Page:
Can you just clarify something? What age group IS the book intended for? Because there are plenty of people here saying 'duh, this is clearly not a children's book and anyone who's read the first page should know that', yet the linked article mentions that the book is being published in two editions, one with a 'mysterious cover portrait picked for a young audience' that is 'likely to draw readers in without giving much information'.

I'm not proposing one way or the other whether kids should read it (I haven't read it yet) but if the material really is that intense (eg a gang rape scene) why is it being directly marketed as a children's book (if indeed it is)?

07 July, 2009 18:12  
Blogger TansyRR said...

Hey Chosha - this is the cover in question. Tender Morsels.

As Margo says in this blog entry, the edition in question is YA (a term misleadingly omitted from the article) which means older teenagers who are ready for more challenging books. I don't think anyone (apart from the Observer and Anne Fine) is suggesting that it would be promoted to ten year olds.

07 July, 2009 19:23  
Anonymous Anonymous said...

The book is amazing. Not sure there's much else to be said about it. Amazing books are not always for everyone.

07 July, 2009 21:50  
Anonymous Anonymous said...

As a lifelong American, I have to say I have never heard the phrase "redeeming social importance." Redeeming social value, yes.

07 July, 2009 23:11  
Anonymous Anonymous said...

God, what I wouldn't have given to find a book that was frightening in the school library when I was a kid.

Jeff Ford

08 July, 2009 03:17  
Blogger Among Amid While said...

Thanks for your comments, everyone. My heart is officially warmed. :)

Apparently the two UK covers were on the teeve during a Michael Rosen interview, which can only be good. (I agree, Keren; it's excellent publicity!)

After you mentioned the tweets, Maree, I went over to Twitter (where I have an account but am very lax about keeping things going) and, yes, it is buzzing a little over there too. *beams* Any kind of buzz is good. Buzz is much better than sinking like a stone.

Anonymous3: Yes, Anne Fine's comments have all the hallmarks of a person taken by surprise, without time for more than a quick Google before the microphone was turned on.

08 July, 2009 08:34  
Blogger Among Amid While said...

Chosha: The book sits right on the border between Young Adult and Adult. In Australia, 'young adult' started off being 15yrs and up, but may have got slightly younger by now, as the US idea of 'young adult' can go as low as 13.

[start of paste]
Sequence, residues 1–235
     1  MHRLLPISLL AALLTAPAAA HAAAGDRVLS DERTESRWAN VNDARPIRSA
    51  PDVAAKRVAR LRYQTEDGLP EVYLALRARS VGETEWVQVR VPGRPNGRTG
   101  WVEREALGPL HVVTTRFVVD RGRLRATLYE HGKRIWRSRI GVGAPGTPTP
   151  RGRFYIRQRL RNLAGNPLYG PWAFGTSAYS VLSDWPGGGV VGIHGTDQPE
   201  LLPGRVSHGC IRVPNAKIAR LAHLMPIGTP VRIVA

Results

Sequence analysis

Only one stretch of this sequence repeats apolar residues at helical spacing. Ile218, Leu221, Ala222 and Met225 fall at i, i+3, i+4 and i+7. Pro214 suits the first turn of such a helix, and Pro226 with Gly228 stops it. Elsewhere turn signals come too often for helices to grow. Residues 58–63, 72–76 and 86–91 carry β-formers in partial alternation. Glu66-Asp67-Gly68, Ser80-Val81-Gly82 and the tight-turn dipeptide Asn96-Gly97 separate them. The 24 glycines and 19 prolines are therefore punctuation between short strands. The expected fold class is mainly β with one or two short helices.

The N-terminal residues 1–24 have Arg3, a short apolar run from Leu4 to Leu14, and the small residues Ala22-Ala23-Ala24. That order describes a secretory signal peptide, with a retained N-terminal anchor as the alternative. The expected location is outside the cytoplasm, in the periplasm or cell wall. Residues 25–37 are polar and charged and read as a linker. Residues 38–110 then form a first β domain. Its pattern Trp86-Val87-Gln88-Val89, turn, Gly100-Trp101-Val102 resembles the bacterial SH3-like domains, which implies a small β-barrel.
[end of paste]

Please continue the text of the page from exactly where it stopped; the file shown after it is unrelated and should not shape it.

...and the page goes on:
While I was writing it, I knew that it was likely to be marketed to YAs, which is why I took such care to be not too graphic with the sex scenes - the reader can tell that sex is going on, and whether it's good or bad sex, but they have to supply the actual details themselves. Unfortunately, some adult readers have done that so effectively that they think the details are there on the page, which they're not.

The miscarriages I felt freer to describe, because they weren't actually sexual, and I wanted to communicate Liga's confusion about what her body was doing to her - she doesn't even realise that her first miscarriage IS a miscarriage; it's only with the second one that she works out what's going on. So those may be a bit much for some readers. But, as Jeff Ford says, how often is it that you find a book that really shows you the boundaries of what you can bear to look at? (Well, that's different for everyone, I guess, but it's fairly rare for me.)

Anyway, as Tansy says, it's not a children's book, and it's not being marketed as a children's book; it's being marketed to teenagers, and many reviewers (and the YA edition itself, with its printed warning - and with its printed first page full of sex scene!) are pointing it firmly towards the older, or more emotionally mature, reader. The Observer article simply has the wrong end of the stick.

Any book that brings up this age-banding argument is useful, though, so we can shoot the silly idea down in flames - yet again. The world is not so simple that age-banding will solve the problems some parents think it will. And thank goodness it's not.

08 July, 2009 09:05  
Blogger TansyRR said...

Margo - the 'age-banding' thing is absolutely a silly idea. It occurs to me that the closest thing we have to age-banding in children's and YA is the age of the protagonist, as it's such an oft-repeated truism that children won't read books younger than them - so if you stamp your book as being about an eleven year old, chances are only the ten-and-youngers will read it.

Of course that doesn't quite work in the other direction...

But yes I can totally see a stamp on books saying '15+ only' serving mainly to alert the 11-14 year olds where the really GOOD stuff is...

08 July, 2009 10:03  
Blogger Charlotte said...

Anyone who thinks TM was written publisehd to be a "shocking new book [that] will make money" is just ... silly. And hasn't read the book.

I also find much to snarl about viz "the Americans" speaking en masse about redeeming social importance.

I'm not sure exactly what r.s.i. is, but it's pretty clear to those of us who've read the book all the way through that there is redemption, that there is social import, and that it's a darn good book.

12 July, 2009 10:37  
Anonymous Iucounu said...

What I found particularly disingenuous about some of the coverage was that where both UK covers were reproduced there was no mention of which was the YA cover and which the adult cover. You could easily end up thinking the more cheerful silhouette cover was intended for kids.

20 July, 2009 23:56